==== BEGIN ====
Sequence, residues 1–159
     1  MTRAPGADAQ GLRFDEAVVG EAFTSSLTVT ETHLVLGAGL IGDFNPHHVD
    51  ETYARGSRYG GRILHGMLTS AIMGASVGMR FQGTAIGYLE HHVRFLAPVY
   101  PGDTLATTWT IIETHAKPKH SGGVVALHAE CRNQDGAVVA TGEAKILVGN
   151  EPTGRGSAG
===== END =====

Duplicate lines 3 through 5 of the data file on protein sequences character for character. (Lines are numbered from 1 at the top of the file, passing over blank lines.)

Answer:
    51  ETYARGSRYG GRILHGMLTS AIMGASVGMR FQGTAIGYLE HHVRFLAPVY
   101  PGDTLATTWT IIETHAKPKH SGGVVALHAE CRNQDGAVVA TGEAKILVGN
   151  EPTGRGSAG